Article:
So, what’s the connection between contact lenses and rocket engines? The answer, I probably don’t hear you cry, is hydrogen peroxide and cleanliness.
The lens holder includes a small piece of material (I have yet to identify it) that catalyses the decomposition of the peroxide solution. If it didn’t then the peroxide would remain and, having successfully killed the bugs on your lenses, then do its best to kill the cells of your cornea too. And this is where the rocket engine connection comes in.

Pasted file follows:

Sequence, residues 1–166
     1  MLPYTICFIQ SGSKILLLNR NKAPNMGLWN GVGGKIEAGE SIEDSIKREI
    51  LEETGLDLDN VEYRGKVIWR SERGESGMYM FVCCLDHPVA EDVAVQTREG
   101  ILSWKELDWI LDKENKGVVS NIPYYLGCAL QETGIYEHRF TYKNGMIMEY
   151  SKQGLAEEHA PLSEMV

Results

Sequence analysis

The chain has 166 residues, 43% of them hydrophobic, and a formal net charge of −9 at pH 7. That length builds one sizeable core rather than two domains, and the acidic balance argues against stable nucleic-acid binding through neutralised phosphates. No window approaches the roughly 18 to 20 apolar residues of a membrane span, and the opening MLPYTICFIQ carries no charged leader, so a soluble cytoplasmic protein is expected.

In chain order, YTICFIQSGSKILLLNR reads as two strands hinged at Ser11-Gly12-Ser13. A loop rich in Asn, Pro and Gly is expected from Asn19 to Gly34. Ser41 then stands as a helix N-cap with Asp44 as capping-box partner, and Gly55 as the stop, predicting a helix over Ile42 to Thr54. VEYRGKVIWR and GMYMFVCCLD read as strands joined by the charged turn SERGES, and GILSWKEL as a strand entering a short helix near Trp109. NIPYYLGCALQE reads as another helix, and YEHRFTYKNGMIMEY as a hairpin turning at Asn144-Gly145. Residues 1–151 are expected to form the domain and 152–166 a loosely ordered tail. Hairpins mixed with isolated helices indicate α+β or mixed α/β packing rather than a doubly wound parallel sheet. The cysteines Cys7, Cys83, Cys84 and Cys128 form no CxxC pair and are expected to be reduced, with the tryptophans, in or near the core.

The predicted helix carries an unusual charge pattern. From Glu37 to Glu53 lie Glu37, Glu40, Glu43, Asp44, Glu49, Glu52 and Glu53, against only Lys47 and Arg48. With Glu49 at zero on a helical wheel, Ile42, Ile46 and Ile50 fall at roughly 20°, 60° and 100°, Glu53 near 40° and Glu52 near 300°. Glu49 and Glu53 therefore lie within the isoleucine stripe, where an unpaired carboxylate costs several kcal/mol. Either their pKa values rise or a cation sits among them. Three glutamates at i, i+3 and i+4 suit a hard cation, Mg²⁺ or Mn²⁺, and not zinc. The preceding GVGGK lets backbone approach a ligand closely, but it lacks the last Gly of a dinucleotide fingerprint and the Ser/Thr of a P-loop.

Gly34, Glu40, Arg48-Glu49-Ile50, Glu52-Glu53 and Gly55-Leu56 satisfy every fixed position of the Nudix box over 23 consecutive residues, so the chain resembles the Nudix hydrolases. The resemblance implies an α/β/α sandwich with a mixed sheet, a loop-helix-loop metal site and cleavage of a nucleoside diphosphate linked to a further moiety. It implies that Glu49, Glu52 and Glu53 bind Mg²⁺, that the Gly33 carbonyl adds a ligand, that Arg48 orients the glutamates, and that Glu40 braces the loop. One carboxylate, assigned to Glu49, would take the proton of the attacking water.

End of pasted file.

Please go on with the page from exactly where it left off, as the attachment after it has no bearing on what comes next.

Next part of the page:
The reaction that decomposes the peroxide also produces oxygen – you can see it bubbling off the catalytic material. That same type of reaction, albeit using extremely concentrated hydrogen peroxide, was exploited in the engines of Britain’s Black Arrow space rocket to launch the Prospero satellite into orbit in 1971.
The catalyst used was silver metal gauze and it decomposed the peroxide violently into oxygen and steam, which then ignited kerosene fuel, and so provided thrust to lift the rocket. In fact, earlier rocket engines dispensed with fuel altogether and replied on the thrust of the decomposing peroxide alone.
Oh, and the cleanliness connection? Well, peroxide rocket engines are considered ‘clean’ or green as their exhaust, after all, contains little more than oxygen and steam.